We used little water taxi boats to go to the island and back. Indeed Vancouver has a great, versatile public transportation system: buses, trains, ferries and aquabuses.
You should make good use out of the public transportation and travel also outside of downtown to different neighbourhoods and to different outdoor activities. We travelled to north of downtown on a bus and on our way back we hopped of the bus and chose to get across the bay with a ferry, since our day pass allowed that too.
We originally went across the bay for some hiking in the forest north of downtown and walking over a steep canyon on a narrow suspension bridge.
The best known one is probably Capilano Suspension Bridge. Going over will cost adult about 40 dollars, although they do offer free bus from Canada Place. However, you could just pay 9,75 CAD for a day pass and use public transportation to get to Lynn Canyon Suspension Bridge – and go over it for free. Both places offer various hiking opportunities as well, so to us the choice was easy. Even though it takes more time to get to Lynn Canyon, paying 40 bucks to walk over a bridge feels a bit silly when you can do it for free as well.
You can see Instagram full of gorgeous pictures of people posing at the Lynn Canyon on their own. No one else there than the person in the picture and behind the camera. During our visit the situation was quite something else:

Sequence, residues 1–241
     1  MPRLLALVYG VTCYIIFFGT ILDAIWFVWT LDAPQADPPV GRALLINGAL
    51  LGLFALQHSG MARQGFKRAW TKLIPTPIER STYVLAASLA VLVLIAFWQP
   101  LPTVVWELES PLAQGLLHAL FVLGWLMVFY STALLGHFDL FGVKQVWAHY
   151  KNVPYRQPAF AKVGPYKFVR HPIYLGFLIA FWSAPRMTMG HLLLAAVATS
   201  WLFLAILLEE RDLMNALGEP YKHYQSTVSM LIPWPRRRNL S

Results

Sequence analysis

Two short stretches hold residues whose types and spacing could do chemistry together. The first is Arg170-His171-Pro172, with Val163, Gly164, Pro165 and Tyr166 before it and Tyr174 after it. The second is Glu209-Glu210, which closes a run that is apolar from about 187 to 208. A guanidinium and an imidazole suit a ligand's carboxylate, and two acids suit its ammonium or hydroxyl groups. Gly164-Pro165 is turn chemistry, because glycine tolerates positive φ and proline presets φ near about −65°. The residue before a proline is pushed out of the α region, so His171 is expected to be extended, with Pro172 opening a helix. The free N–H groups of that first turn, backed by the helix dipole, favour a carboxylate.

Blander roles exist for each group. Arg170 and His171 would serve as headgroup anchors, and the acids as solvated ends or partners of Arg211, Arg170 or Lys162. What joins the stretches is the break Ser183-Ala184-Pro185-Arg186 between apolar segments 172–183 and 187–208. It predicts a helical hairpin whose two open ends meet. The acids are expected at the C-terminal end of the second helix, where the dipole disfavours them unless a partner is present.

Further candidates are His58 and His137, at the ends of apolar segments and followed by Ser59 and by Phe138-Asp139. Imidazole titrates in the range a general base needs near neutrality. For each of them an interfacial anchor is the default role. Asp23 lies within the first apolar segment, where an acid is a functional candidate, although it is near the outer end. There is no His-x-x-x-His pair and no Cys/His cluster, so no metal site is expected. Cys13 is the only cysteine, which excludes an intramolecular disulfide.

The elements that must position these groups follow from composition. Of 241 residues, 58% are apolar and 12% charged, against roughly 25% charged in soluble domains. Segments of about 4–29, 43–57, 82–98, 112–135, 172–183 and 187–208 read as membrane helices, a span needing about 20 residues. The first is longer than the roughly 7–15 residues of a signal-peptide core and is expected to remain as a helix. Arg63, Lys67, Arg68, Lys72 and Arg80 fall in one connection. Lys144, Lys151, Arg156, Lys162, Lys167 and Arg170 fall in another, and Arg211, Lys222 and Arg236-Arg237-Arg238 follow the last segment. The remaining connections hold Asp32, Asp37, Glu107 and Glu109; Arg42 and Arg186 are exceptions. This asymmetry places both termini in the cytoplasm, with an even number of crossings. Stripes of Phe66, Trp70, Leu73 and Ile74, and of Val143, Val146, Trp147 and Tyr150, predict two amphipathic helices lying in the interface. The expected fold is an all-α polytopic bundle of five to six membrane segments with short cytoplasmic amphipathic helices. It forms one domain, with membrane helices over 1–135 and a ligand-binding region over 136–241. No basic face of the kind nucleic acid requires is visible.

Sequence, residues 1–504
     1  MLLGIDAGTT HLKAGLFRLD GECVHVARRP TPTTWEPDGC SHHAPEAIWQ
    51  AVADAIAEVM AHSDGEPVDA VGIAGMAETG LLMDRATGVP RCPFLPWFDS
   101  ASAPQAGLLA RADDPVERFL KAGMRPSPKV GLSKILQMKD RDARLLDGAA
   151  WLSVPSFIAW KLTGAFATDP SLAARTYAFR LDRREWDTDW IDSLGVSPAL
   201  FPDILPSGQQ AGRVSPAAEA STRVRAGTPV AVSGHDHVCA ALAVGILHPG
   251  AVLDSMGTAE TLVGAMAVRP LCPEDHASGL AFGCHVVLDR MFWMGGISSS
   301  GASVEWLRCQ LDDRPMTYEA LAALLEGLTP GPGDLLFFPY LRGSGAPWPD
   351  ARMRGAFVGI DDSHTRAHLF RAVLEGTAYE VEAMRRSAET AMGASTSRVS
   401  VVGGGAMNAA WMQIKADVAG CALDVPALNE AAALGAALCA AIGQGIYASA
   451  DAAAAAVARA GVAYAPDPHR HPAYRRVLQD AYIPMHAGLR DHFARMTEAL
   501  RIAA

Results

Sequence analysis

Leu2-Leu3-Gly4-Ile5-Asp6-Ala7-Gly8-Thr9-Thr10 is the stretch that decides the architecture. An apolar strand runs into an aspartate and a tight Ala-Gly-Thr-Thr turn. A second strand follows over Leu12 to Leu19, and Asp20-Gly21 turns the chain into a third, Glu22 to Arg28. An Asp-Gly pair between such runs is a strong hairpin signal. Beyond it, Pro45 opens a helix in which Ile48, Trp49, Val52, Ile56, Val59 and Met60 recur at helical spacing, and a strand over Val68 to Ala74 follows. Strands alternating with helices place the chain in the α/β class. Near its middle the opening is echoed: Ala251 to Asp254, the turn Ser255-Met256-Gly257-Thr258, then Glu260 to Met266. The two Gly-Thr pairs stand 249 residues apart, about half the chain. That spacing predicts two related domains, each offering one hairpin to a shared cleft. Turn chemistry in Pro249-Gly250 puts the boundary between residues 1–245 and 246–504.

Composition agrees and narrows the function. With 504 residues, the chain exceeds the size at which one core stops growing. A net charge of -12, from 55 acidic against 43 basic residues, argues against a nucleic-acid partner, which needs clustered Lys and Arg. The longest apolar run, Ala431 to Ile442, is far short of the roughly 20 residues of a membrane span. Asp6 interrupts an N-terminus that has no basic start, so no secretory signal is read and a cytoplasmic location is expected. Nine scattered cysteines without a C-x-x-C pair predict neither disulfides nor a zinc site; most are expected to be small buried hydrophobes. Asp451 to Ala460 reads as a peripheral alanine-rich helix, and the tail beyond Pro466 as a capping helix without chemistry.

I strongly recommend making the trip on a weekday and outside of peak hours. Our hosts had never seen a lot of people there, so it should be possible to have some peace and quiet. We saw a lot people on the bridge and also on the hiking trails, but nevertheless still enjoyed walking around in the Vancouver forests.
We stayed at the Mount Pleasant neighbourhood. Our first nights with amazing hosts, Rob and Carol, with whom we got our board game fix settled. For the last two nights we hopped quite literally across the street to our last AirBnb, and were happy to still stay in the great area. Everything cool on the same street, with a beautiful view to downtown and the mountains in the background.
There are some good streets around Vancouver, so don’t be afraid to hop out of downtown and explore. Eat good pizza at Don’t Argue!, have some salted caramel ice cream at Earnest, go around and taste beers at one of the many local breweries, and spend your evening playing board games at the city’s board game cafes (we went to one in Commercial Drive, which by the way looked like a pretty fun street as well)F
Fish & Chips at the Fish Counter
We had a great time on Vancouver. Even though it was the last stop of our year of travelling, and our separation of each other was getting more and more close, we were able to live in the moment. A city like Vancouver makes it easy to just enjoy yourself, as does the company of happy, relaxed Canadians. In US some things, experience and people can be so intense, that in Vancouver everything just felt so nice and simple.
Or maybe that was only in our heads, but what is certain is how easily approachable Vancouver is. It is decent-sized, beautiful, clean, safe and has a versatile selection of activities. Although we saw a lot, we still feel that maybe we only just scratched the surface.